John le Carré may have been referring to Bonn when he wrote his spy novel A Small Town in Germany, but it is also a fitting description for Germany's oldest city, Trier.
Trier is in fact a Roman city, starting off as little more than a wooden bridge across the river Moselle in 18 BC. Because it was founded under Caesar Augustus in the area of the Celtic Treveri, it was called Augusta Treverorum, later shortened to Treveri. The French name for the city is still Treves, an important fact to bear in mind if you are planning to drive to this charming place. The Romans built a city wall which had 5 gates, around 180 AD. One of these gates, the Porta Nigra, remains almost perfectly preserved to this day, and remains of 2 others can still be seen.
In 275, the city was destroyed by the Germanic Alamanni, but rose to greatness again after 293 as one of the 3 capitals of the Western Roman Empire1. The city suffered destruction first at the hands of the Franks, and then in 882 the Vikings.
In the 12th Century, the Archbishops of Trier had substantial powers, and became Prince Electors. The city flourished as a commercial and cultural centre, while successive archbishops became involved in the ongoing struggles between Pope and Emperor. By the mid 16th Century, Lutheranism was the recognised religion of most of northern and central Germany, but The Reformation didn't catch on in Trier. In the second half of the 16th Century, witch persecutions reached their height, and one of the most vehement took place in Trier.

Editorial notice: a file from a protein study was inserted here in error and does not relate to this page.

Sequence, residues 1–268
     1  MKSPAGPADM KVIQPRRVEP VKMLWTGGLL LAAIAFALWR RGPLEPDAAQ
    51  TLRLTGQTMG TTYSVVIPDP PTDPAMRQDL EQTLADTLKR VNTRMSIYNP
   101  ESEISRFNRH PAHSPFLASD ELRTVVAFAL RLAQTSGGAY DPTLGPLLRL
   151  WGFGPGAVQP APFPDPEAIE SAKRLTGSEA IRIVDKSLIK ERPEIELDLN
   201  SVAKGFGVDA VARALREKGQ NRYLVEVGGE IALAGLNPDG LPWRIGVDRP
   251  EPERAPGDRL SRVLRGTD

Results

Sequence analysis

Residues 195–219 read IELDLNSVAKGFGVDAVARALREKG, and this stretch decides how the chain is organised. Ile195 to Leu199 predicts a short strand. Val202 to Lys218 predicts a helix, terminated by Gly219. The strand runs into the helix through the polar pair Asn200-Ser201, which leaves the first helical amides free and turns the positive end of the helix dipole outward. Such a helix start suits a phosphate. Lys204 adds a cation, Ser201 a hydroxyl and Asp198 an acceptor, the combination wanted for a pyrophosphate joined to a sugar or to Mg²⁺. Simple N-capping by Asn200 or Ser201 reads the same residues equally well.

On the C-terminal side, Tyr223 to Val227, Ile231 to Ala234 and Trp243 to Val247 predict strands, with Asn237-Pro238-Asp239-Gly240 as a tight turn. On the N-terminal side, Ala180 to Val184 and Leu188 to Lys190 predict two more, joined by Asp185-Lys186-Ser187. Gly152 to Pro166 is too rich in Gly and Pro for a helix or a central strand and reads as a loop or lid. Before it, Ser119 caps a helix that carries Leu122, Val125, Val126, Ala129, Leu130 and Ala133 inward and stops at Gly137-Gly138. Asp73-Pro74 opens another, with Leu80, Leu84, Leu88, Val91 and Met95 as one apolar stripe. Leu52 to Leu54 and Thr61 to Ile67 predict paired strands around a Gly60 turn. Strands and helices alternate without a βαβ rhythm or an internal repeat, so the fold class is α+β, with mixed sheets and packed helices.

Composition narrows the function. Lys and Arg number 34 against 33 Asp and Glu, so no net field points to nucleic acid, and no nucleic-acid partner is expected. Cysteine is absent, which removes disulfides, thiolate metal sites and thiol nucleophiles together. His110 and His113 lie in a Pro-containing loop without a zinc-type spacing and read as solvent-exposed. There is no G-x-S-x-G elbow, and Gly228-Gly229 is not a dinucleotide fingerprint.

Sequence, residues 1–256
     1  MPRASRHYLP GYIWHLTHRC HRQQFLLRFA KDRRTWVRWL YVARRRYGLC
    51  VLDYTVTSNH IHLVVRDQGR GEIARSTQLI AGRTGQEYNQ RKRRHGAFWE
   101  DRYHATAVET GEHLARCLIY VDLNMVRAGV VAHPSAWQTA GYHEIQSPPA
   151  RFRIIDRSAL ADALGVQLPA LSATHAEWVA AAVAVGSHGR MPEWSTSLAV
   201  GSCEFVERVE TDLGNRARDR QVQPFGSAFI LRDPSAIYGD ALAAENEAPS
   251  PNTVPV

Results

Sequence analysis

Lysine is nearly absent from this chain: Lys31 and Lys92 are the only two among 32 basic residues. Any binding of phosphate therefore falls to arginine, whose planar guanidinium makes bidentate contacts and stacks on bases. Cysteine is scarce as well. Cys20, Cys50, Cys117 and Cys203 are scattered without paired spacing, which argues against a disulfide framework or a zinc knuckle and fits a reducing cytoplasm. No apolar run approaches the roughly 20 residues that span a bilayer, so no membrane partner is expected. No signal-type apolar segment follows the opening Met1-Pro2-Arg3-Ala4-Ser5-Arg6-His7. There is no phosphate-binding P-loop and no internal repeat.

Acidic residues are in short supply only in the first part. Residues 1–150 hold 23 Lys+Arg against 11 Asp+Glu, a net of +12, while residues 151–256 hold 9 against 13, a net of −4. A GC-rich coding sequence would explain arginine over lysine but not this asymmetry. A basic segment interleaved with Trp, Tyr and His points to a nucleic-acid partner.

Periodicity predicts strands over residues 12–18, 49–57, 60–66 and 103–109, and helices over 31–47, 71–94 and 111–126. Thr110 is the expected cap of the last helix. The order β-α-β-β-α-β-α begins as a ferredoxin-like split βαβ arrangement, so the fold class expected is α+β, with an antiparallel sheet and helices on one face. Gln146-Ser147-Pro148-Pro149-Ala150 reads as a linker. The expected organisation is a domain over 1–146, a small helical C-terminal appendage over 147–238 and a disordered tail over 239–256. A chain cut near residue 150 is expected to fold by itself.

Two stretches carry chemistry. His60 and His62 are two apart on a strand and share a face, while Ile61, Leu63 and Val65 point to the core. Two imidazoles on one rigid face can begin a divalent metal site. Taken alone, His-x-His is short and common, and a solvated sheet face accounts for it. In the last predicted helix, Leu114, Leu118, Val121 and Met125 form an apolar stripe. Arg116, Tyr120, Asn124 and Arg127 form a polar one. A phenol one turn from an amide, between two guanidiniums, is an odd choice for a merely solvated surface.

From the Thirty Years War in the 17th Century, the city's key position between Germany and France led to a series of sieges, occupations and destructions, and it was taken by the French in 1794 after the Revolution. When the Prussians took Trier after Napoleon's defeat in 1815, the city was poor and isolated. This made it an ideal ground for Karl Marx, born here in 1818, to formulate his ideology on the living conditions of working people, later to become the tenets of Communism. His birthplace is now a museum.
During the First World War the city was bombed fifty times, and afterwards became a French garrison city, under the command of young Major Charles de Gaulle. The city formed part of the arena of The Battle of The Bulge. General George Patton was advancing towards Trier in February 1945, when he was given instructions to bypass Trier, as it was thought that 4 divisions would be needed to capture it. Patton replied:
Have taken Trier with 2 divisions. What do you want me to do - give it back?
The Second World War destroyed 40 percent of the city, and the subsequent rebuilding has been careful to preserve the architectural gems which were spared.
Today Trier is a University city2 of 100,000 inhabitants, a mecca for shoppers from Luxembourg, France and Belgium, and a draw for tourists keen to visit the many Roman remains, as well as the holy coat of Treves.